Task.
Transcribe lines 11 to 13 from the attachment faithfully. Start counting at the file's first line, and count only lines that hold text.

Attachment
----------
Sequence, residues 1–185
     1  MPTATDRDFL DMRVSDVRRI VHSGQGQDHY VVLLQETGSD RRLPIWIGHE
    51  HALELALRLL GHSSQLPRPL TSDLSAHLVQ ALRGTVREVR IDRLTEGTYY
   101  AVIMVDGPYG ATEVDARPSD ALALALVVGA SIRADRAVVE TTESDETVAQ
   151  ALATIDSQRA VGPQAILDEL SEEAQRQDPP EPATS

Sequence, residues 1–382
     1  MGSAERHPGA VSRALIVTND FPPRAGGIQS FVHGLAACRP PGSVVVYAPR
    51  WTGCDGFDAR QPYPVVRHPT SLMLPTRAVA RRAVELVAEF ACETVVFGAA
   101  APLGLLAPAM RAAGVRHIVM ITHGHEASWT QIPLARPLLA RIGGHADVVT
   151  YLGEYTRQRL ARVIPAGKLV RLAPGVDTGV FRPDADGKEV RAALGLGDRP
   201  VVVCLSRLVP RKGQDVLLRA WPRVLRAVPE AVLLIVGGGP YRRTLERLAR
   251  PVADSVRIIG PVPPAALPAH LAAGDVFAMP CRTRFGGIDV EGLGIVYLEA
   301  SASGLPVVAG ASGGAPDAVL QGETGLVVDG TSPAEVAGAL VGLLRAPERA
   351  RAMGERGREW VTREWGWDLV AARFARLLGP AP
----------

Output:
   201  VVVCLSRLVP RKGQDVLLRA WPRVLRAVPE AVLLIVGGGP YRRTLERLAR
   251  PVADSVRIIG PVPPAALPAH LAAGDVFAMP CRTRFGGIDV EGLGIVYLEA
   301  SASGLPVVAG ASGGAPDAVL QGETGLVVDG TSPAEVAGAL VGLLRAPERA